Arlington Community Resource Center operators opt out; loss in grant funding cited

Volunteers of America tentatively agrees to run center that helps people in crisis

ARLINGTON – The organization behind the Arlington Community Resource Center told city officials Tuesday that they will no longer run the center, effective Feb. 6.

Lutheran Community Services Northwest cited significant loss in grant funding as the reason.

It appears though that there won’t be any gaps in services the center offers to help families in need move from crisis to self-sufficiency.

Volunteers of America Western Washington has a tentative agreement to assume operations of the center starting Feb. 9, said city officials, who met with VOA representatives later that day.

“They want to have a continuity of operations, and their intent is to use the same staff that the center had, and work with them,” Mayor Barb Tolbert said.

Tolbert and Heather Logan, who works under contract with the city on health and human services issues, said they didn’t have to sell the idea to VOA. They were ready to step in, and planned to meet with resource staff this week.

VOA runs a Family Resource Center in Sultan, they’re building a new center in the Lynnwood-Edmonds area, and they are the backbone organization for food banks countywide, Tolbert said. They know how to provide basic needs, but they’re eager to better understand how services and programs are used in the Arlington area.

The program housed at the Stillaguamish Senior Center is one of four family support centers countywide. The Arlington center served as a hub providing housing, employment, food and transportation support to families after the Oso slide in 2014, but it has taken on a broader role addressing homelessness, addiction and mental illness in connection with the police’s embedded social worker program.

The center was funded initially by Snohomish County, Cascade Valley Hospital Foundation and LCS.

LCS has supported neighbors in need in north county for five years, serving 25,000 clients.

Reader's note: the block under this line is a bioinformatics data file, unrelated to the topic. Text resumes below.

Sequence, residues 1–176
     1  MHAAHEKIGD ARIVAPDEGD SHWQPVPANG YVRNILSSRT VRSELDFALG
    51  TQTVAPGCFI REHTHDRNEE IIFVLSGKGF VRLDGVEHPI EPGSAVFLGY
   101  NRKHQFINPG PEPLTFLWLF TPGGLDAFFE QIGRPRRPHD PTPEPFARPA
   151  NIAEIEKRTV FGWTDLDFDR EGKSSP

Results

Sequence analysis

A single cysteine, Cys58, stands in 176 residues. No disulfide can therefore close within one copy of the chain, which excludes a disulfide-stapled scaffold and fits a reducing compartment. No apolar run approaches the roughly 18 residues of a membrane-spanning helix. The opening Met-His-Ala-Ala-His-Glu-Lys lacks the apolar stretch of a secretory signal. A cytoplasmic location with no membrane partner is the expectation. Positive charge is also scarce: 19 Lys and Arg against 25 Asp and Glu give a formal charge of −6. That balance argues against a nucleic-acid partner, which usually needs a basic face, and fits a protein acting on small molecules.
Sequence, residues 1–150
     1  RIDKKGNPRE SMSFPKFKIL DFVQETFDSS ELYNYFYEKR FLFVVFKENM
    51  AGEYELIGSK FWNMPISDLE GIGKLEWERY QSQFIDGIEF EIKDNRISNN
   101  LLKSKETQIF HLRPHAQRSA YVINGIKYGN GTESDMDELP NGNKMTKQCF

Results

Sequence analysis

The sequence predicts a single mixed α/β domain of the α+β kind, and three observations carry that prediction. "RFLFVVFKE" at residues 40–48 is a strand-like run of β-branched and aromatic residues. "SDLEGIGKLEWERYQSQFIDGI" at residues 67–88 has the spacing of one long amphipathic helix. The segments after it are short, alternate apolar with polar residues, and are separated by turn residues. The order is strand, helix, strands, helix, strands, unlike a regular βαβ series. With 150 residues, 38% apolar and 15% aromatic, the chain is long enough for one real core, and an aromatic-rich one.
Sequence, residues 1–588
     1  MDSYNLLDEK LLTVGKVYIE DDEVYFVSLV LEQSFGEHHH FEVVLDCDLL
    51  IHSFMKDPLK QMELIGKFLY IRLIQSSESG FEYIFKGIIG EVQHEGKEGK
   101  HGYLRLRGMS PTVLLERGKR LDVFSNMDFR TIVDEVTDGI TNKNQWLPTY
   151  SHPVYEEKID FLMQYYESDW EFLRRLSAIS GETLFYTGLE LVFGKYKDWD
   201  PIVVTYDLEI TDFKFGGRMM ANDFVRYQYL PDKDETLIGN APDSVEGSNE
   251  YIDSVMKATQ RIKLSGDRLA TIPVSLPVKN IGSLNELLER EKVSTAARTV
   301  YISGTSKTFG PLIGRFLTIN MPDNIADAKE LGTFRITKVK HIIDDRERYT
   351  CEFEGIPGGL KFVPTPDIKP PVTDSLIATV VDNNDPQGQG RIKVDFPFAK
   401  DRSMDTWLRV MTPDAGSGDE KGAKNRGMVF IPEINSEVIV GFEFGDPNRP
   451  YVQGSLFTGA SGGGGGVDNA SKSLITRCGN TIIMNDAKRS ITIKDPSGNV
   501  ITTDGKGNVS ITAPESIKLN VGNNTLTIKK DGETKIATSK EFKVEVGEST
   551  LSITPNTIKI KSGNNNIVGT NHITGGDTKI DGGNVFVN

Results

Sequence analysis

In 2019, staff at ACRC housed 77 families, including 93 adults and 70 children. They also assisted 60 other families in preventing losing their housing. Total participants served across all programs totaled 7,571 in 2019.

ACRC’s wrap-around services including housing, employment, utility payment assistance and more, has worked well with local organizations to get services to all with needs, city officials said.

“The symbiotic partnership between Arlington’s Community Outreach Team and the ACRC has been critical in our strategic response towards our community’s recent challenges with homelessness and the opioid epidemic,” Police Chief Jonathan Ventura said.

Arlington Fire Chief Dave Kraski said before the center existed, emergency service providers were without a local resource to provide less fortunate residents with basic needs.

“The ACRC fills a void in social services for citizens struggling to survive,” he said.

Tolbert had said earlier that she wanted center donors to know that a smooth transition and bringing on a new partner was a top priority to avoid any days of lost service.

Donors with concerns can contact the mayor at 360-403-3442 for updates.

During city budget discussions in December and prior to LCS’s announcement, City Councilmember Mike Hopson broached the idea of earmarking city funds annually to help support the center.

Tolbert agreed: “I believe that organization is doing more to support some of our street issues and some of the people falling through the cracks in our city than anybody else is. They struggle for funding.”

City finance director Kristin Garcia said the budget includes a line item for 2020 earmarking just over $19,000 toward the center.

By one account, LCS was subsidizing the center with about $180,000. A check of the county budget shows that its portion for funding all Family Support Centers stayed at $292,000 for 2020, same as last year.

County Human Services has not signed their grants with LCS this year, so they will be shifting that roughly $45,000 of funding over to VOA.

Tolbert, who served on LCS’s advisory board, said she was grateful for the four years that the group operated the center and helped get it on its feet as a hub for social services.

She thanked state Rep. Carolyn Eslick, R-Sultan for her support as talks continued with VOA. Eslick was instrumental in bringing the family support center to her hometown which the organization runs. She also acknowledged Snohomish County Human Services and the Community Foundation of Snohomish County for helping connecting with VOA.